Cardiff University scientists have developed a new diagnostic approach offering an unprecedented rapid and accurate diagnosis of lung infections in patients with cystic fibrosis - a disease affecting around 9000 people in the UK.
The breakthrough, they believe, will have a transformative impact on the life quality of the 80 to 95% of cystic fibrosis patients who will eventually die of respiratory failure caused by chronic bacterial infection of the lungs.
Knowing exactly what's going wrong in patients' lungs means that clinicians can begin treating infections immediately with the correct course of antibiotics, giving patients a better and quicker chance of recovery. This also has important implications for reducing multi-drug resistance caused by the unnecessary prescription of antibiotics.
People living with the cystic fibrosis are prone to lung infections made up of multiple disease-causing bacteria, such as the multi-drug resistant Pseudomonas, and unless identified and treated quickly will deteriorate rapidly.
According to the researchers - a collaborative team from Cardiff University and the University Hospital of South Manchester NHS Foundation Trust - the current method for diagnosing bacterial infection, which relies on culture tests, hasn't changed substantially in over half a century.
As well as being time-consuming and costly, they say the method is flawed and in 11% of cases fails to detect the deadly bacteria present in infection, of which there are hundreds in any given patient lung sample.
Published in the Journal of Clinical Microbiology, the team demonstrates how a simple genetic test can rapidly identify lung infections in cystic fibrosis patients and offer a more accurate assessment of all the bacteria species present.
The new test uses DNA isolated from lung samples by a method routinely applied across the UK for diagnosis of viral infections. Using this readily available DNA in a joined-up testing approach could, researchers say, revolutionise the future of microbial infection diagnosis.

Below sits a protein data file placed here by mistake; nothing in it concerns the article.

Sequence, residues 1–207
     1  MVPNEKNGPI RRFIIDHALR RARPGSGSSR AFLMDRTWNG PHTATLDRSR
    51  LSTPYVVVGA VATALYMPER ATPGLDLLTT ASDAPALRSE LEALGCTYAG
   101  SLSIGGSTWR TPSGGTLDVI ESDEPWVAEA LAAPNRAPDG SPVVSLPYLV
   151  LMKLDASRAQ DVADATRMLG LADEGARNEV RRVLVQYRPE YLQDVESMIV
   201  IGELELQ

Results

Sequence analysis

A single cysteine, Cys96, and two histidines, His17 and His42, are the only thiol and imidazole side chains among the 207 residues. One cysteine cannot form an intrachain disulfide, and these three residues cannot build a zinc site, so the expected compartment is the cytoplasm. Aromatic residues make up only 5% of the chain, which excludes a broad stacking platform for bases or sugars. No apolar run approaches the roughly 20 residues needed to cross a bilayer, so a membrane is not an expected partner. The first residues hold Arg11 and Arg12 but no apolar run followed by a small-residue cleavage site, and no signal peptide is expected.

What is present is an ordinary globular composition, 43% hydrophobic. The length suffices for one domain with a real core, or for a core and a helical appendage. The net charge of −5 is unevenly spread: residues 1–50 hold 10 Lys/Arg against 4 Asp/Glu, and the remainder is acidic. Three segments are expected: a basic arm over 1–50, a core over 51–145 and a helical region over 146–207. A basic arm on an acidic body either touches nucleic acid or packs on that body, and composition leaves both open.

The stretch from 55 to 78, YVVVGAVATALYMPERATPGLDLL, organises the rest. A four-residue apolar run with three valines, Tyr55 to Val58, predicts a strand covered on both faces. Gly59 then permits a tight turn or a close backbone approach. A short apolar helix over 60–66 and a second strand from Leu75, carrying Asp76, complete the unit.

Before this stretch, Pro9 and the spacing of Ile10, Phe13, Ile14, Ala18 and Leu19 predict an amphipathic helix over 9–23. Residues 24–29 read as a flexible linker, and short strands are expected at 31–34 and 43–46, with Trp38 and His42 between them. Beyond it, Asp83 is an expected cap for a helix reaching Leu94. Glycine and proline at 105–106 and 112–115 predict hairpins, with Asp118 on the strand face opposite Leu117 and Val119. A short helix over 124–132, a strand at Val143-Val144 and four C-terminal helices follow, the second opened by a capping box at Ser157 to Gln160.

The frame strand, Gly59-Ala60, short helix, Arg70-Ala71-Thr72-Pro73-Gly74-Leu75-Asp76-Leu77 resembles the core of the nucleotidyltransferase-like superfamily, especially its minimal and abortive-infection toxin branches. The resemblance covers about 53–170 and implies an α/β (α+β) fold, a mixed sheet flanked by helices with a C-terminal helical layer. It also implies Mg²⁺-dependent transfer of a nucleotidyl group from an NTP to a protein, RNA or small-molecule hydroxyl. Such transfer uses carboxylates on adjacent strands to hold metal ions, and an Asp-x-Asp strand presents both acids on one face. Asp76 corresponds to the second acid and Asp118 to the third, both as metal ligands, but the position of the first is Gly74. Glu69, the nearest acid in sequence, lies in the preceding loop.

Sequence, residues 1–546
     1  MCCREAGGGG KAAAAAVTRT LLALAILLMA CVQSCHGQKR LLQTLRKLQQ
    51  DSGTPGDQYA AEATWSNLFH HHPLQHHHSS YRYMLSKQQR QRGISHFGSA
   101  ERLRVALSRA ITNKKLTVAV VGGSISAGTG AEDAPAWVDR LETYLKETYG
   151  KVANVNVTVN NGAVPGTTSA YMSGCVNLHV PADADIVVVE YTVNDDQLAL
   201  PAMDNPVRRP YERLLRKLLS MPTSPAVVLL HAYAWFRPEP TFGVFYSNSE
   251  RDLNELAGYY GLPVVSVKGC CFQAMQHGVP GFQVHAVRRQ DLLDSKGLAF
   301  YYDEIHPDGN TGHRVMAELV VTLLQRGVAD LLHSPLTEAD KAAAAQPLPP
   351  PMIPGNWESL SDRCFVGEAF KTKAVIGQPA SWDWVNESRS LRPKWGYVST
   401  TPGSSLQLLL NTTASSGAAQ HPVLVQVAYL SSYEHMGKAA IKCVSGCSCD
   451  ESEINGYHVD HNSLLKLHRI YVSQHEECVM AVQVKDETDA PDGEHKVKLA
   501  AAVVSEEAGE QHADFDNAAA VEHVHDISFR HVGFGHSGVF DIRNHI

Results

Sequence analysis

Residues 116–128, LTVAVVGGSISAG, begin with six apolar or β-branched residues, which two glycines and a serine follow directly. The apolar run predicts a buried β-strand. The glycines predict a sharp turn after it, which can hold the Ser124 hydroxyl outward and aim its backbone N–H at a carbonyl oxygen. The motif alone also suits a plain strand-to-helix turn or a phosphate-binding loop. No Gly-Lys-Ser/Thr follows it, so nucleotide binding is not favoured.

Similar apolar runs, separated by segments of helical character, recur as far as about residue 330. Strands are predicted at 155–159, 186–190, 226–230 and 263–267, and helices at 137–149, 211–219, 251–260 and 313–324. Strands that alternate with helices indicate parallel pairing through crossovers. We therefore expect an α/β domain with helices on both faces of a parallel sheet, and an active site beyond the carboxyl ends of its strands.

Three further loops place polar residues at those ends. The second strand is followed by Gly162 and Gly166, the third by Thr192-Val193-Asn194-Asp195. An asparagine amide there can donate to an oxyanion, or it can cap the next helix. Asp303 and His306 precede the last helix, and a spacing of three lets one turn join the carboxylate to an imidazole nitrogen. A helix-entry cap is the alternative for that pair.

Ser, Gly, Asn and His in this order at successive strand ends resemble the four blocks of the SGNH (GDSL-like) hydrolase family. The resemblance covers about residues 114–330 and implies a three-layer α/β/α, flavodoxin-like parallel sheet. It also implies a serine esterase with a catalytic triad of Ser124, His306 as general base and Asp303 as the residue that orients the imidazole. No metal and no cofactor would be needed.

In addition, the early detection of virulent strains of bacteria is critical to containing the spread of infection in hospitals and clinics.
DNA isolated from clinical samples is already used by scientists to detect viruses, such as influenza, in public health virology laboratories. Repurposing this technique for the diagnosis of bacterial infection in cystic fibrosis patients, using gene data from patient DNA, could also be applied to other respiratory conditions such as asthma and chronic pulmonary disorder.
Professor Eshwar Mahenthiralingam, from Cardiff University's School of Biosciences, has studied cystic fibrosis lung infections for over 20 years and is recognised as a leader in the study of problematic antibiotic resistant bacteria. He said:
"From research studies carried out over the last 10 years, we have known that lung infections in people with cystic fibrosis are caused by multiple bacteria, but routine diagnosis in public health labs still do not account for this sample diversity.
"By taking advantage of existing virology sample processing methods, and applying simple bacterial genetic tests, we can accurately diagnose infections with very problematic antibiotic-resistant bacteria.
"Better diagnosis of these infections will improve treatment, quality of life and survival for people with cystic fibrosis. These tests could feasibly be rolled out across the NHS immediately.
"The next phase of our study will seek to evaluate how well the diagnostic scheme performs in bringing standards of care benefits to people with cystic fibrosis, and will assess how much it will save in terms of costs for the NHS."
Professor Alexander McAdam, a pathologist from Harvard University's Boston Children's hospital, said:
"Characterization of bacterial populations in the lungs of patients with cystic fibrosis by genetic methods will very likely be part of clinical care of these patients.
"These methods reveal more about these bacterial populations than we can readily determine using conventional culture methods. Unfortunately, most of the genetic methods are technically difficult and will be hard to use in clinical laboratories.
"This study is important because it describes a method that could be used more readily by clinical laboratories."
Janet Allen, Director of Research and Care at the Cystic Fibrosis Trust, said:
"The results of this study move scientists a step closer to providing a faster technique for more accurately detecting the nature of bacteria infecting the lungs of people with cystic fibrosis.
"Cystic fibrosis makes lungs vulnerable to infections which scar and damage them and lead to a vicious circle of more infection and inflammation. On average a person with cystic fibrosis loses 2% of their lung function per year over the course of their lifetime, and they are left relying on supplementary oxygen, machines to help them breathe and eventually lung transplants.
"This development would enable clinicians to more quickly characterise the microbiome in the lung. Furthermore, it could be extended to detect viruses and possibly explore the relationship between viral infections and bacterial infections.
"Further work is now needed to investigate how this technique can be incorporated into existing diagnostic processes."